3.7 Mitigation Measures Identification

Regarding this point, the results obtained were three items of medium approach and one item of high, where all EISs showed their mitigating measures for the possible impacts of the projects, contemplating further details of these measures. An example would be the proposed implementation of health programs, as well as the communication of health impacts, many of which associate the population and workers of the enterprises as participants, not just benefiting employees.

In project number 2, for example, located in the municipality of Corumbá, it was verified a mitigating measure in health infrastructure. The measure is the Health Program in the Project Implementation Phase, which has the implementation of ambulatory at the construction sites, aimed at first aid and outpatient care for workers of MCR/Vale and contractors, with room for consultation, room for rest and emergency and nursing, in order to soften and control the local public health infrastructure.

In this same project, mitigation measures can also be verified in order to mitigate the impact of discomfort on the surrounding population through measures, programs and plans. Some examples are the monitoring the air quality, operating the equipment with the greatest noise potential during business hours, planning the transportation of materials and equipment during off-peak hours and at night on the main access roads to the Project, control of motor vehicle speeds on the main access roads to the mine, and solid waste management control, among others.

In addition, it should be highlighted in project 2, the Socio-Environmental Communication and Information Plan, which aims to establish a permanent and transparent channel of communication between the project and society, disseminating information through regular meetings or other means of communication. With this, both the general community with contractors and workers can clarify their doubts and explain their concerns, especially on health issues.

The discussion of these issues becomes extremely important to help the approval of the population regarding the installation of the enterprise. In addition to showing an ethical position on the part of the enterprises to worry about the impacts generated that will influence the health of the population and the worker, provide spaces for disease prevention disclosure and to discuss about other diseases, i.e. AIDS.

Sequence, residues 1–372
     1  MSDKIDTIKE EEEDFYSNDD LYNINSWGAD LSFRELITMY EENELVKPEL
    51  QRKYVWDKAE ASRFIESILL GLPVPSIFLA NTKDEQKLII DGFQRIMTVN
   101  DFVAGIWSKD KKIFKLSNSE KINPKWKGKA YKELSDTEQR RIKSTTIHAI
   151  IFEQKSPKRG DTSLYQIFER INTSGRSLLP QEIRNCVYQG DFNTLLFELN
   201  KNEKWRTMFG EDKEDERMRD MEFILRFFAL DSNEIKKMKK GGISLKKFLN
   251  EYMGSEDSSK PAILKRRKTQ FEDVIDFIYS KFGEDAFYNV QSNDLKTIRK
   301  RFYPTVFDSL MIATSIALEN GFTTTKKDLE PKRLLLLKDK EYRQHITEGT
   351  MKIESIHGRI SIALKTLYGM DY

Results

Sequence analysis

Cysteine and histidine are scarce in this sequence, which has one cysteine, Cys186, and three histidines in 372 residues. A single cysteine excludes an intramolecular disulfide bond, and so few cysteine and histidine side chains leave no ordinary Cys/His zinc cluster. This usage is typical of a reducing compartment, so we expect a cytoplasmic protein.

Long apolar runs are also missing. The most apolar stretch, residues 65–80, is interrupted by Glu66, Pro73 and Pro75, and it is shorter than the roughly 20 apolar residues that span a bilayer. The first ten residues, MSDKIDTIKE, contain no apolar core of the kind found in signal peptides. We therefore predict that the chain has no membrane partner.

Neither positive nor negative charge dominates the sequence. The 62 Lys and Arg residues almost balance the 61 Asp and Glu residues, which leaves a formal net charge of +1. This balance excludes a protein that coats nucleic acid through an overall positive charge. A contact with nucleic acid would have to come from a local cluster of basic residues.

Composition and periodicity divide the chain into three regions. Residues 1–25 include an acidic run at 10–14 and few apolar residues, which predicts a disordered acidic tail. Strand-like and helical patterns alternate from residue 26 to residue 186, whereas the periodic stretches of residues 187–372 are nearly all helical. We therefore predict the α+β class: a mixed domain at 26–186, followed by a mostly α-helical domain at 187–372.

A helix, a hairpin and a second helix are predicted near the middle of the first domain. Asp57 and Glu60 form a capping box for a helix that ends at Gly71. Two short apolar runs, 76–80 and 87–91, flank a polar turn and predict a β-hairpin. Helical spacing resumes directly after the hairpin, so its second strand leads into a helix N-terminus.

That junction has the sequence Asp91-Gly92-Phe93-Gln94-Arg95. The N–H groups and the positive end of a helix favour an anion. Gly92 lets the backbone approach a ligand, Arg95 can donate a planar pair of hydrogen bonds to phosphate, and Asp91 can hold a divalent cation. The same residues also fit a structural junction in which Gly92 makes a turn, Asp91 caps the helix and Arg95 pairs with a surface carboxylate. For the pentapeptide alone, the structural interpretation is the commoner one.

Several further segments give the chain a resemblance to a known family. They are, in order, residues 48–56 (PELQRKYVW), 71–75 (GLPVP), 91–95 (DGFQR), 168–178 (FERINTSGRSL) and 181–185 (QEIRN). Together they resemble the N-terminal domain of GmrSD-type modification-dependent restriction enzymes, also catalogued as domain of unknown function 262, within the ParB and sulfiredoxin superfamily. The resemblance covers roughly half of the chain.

It might be highlighted the importance of proposing programs that are really efficient and compatible with local realities, that assist the risk populations with greater vulnerability, as they can suffer major consequences related to the negative impacts of large enterprises.

Similar to the James Bay Dam in Quebec, cited by Tanner (1999) and Queiroz and Veiga (2012), which had serious adverse impacts on the Cree Indians, including social disintegration and the disappearance of traditional ways of life. In addition, there was influence in health aspects, due to unplanned social changes associated with changes in habits and diets, such as increased alcohol abuse, drugs and cases of depression and suicide. It also led to the high rates of diabetes, obesity and occurrence of sexually transmitted diseases among the affected populations.

 

3.8 Monitoring and Control of Health Impacts

In general, the health monitoring of action phase is seen in EISs as having low approach, such as in the enterprises numbers 7, 5, 2, and 4. It can be noticed that both government and entrepreneurship do not monitor health actions for the worker and the population, and may be related to the fact that there is little report about hiring professionals to deal with these issues throughout the installation and operation of the enterprise. It is only seen that there are actions, mainly for bureaucratic reasons, but there is no awareness, ethics and commitment to monitor the impacts that directly affect the health of the community and miners. This part is considered extremely important both for the monitoring of government actions and for the enterprise, because with proper monitoring, there is a possibility of improvement or correction of the implemented programs.